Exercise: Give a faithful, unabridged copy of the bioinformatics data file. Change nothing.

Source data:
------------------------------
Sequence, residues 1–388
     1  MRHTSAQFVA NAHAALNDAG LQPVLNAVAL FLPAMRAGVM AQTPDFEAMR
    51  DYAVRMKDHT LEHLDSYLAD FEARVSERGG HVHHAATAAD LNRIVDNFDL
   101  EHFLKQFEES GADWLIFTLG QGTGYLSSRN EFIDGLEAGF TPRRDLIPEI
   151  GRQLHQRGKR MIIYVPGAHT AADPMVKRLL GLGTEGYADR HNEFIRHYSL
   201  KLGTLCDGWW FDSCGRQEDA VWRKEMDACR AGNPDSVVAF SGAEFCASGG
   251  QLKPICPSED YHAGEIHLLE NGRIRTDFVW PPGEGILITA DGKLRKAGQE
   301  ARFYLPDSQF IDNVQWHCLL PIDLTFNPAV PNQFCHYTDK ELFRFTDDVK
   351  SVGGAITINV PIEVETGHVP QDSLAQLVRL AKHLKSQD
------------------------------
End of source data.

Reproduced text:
Sequence, residues 1–388
     1  MRHTSAQFVA NAHAALNDAG LQPVLNAVAL FLPAMRAGVM AQTPDFEAMR
    51  DYAVRMKDHT LEHLDSYLAD FEARVSERGG HVHHAATAAD LNRIVDNFDL
   101  EHFLKQFEES GADWLIFTLG QGTGYLSSRN EFIDGLEAGF TPRRDLIPEI
   151  GRQLHQRGKR MIIYVPGAHT AADPMVKRLL GLGTEGYADR HNEFIRHYSL
   201  KLGTLCDGWW FDSCGRQEDA VWRKEMDACR AGNPDSVVAF SGAEFCASGG
   251  QLKPICPSED YHAGEIHLLE NGRIRTDFVW PPGEGILITA DGKLRKAGQE
   301  ARFYLPDSQF IDNVQWHCLL PIDLTFNPAV PNQFCHYTDK ELFRFTDDVK
   351  SVGGAITINV PIEVETGHVP QDSLAQLVRL AKHLKSQD